Every motorcycling parent dreams of their child expressing interest in the sport. For me it started with a request to be taken for rides on the back of my bike, but then one magnificent day, she asked, “Can I learn to ride?” I’ve always wanted my kids to be interested in riding, but I was not going to pressure them. I’ve supported them in their interests (from ballet for my oldest to competitive gymnastics for my youngest) and tried to avoid pushing them into mine. So, when my 13 year old asked me, I sprung into action. What I didn’t know is that I would end up learning almost as much about myself and my daughter as she did about riding motorcycles.
The team and I have been grounded longer than usual this year. It’s not all bad. Some of us actually enjoy being with our family, and it’s given us time to complete those long-standing projects around the house while simultaneously creating new ones. That said, it’s only a matter of time before the antsy feeling of wanderlust starts to creep in. Nothing quite satiates a much-needed break from the day-to-day (especially the day-to-day of 2020) like a lil’ camping and a lil’ motorcycle riding.
Remember back in the good ol’ days of 2019 when we were gathering en masse, kissin’ hands and shakin’ babies? I do. Well, way back in September of last year MO had the opportunity to test three new Kawasaki motorcycles: the street-legal KLX230, and the off-road only KLX230R and KLX300R. Shortly after, as is usually the case, my reviews went live on Motorcycle.com to tell you all about the KLX230 and KLX230R. Why wasn’t the KLX300R included? Because I was only able to spend a third of one day riding it and honestly, I believed it deserved a more thorough test because it really is a compelling motorcycle for what I think could be a large audience, and at the low price of $5,499, it becomes even moreso.
My first crash on a motorcycle was a highside. I knew not as to why I had flung over the handlebars like a circus acrobat. I had never ridden a bike before, so my skills on one were very subpar. That was until I went to Coach2Ride, the school that gave me my first step into exercising my passion to become a proficient motorcyclist.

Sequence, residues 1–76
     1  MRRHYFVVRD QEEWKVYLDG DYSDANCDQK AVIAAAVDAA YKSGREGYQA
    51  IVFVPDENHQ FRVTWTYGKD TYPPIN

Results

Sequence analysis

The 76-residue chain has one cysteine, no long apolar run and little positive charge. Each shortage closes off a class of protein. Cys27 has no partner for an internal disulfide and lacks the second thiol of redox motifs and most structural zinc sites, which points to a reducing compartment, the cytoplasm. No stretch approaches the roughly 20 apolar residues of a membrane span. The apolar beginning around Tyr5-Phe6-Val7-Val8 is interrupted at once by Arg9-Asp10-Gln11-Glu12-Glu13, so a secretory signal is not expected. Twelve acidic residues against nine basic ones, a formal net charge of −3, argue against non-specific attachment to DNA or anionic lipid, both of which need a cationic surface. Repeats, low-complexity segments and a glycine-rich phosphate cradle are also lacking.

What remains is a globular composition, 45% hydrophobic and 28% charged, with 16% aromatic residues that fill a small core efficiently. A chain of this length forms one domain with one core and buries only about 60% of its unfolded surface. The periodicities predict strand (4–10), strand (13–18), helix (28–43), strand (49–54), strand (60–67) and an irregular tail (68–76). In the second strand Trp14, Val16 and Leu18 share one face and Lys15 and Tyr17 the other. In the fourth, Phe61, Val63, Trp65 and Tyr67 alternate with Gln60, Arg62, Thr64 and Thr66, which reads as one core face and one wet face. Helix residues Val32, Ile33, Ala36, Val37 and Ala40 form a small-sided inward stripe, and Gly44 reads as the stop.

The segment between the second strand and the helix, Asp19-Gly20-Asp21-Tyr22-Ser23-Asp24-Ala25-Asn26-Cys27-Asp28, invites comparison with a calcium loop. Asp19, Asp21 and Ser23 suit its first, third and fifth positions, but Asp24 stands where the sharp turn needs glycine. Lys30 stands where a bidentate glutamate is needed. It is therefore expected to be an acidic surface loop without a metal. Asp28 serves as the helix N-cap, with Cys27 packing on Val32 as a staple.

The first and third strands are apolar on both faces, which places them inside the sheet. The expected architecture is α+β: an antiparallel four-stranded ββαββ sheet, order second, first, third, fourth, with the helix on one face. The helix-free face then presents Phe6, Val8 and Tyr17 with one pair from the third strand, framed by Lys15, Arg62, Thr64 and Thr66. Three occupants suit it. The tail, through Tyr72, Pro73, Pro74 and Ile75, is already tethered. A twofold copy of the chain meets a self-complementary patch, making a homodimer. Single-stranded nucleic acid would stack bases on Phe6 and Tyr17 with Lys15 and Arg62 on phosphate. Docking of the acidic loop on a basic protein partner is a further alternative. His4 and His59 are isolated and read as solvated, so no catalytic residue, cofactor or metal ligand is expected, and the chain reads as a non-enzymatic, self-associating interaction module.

Is it just me or are you glad the MotoGP season finale at Valencia is over? Finally we can stop talking about the Rossi/Marquez/Lorenzo drama (or can we?), congratulate Jorge on winning the championship (even if I do wish Valentino won the whole thing, personally), and start thinking about what 2016 has in store.
The proliferation of modern four-strokes has changed the dirtbike world in a profound yet very subtle fashion. We take today’s high-winding four-stroke MX and off-road engines for granted simply because they have been in the mainstream for nearly 15 years. Today’s thumpers are amazing examples of modern engineering. Technology has made them cleaner, more powerful and easier to ride than the two-stroke machines that dominated the marketplace from the mid-1960s to the end of the millennium.
It’s always interesting to see how cutting-edge technology is incorporated into new motorcycles. Having written about bikes for the better part of two decades, I’ve seen the introduction of aluminum frames, inverted forks, electronic fuel injection, antilock brakes, a proliferation of exotic materials (titanium, magnesium, carbon fiber) and, more recently, semi-active suspensions and traction controls.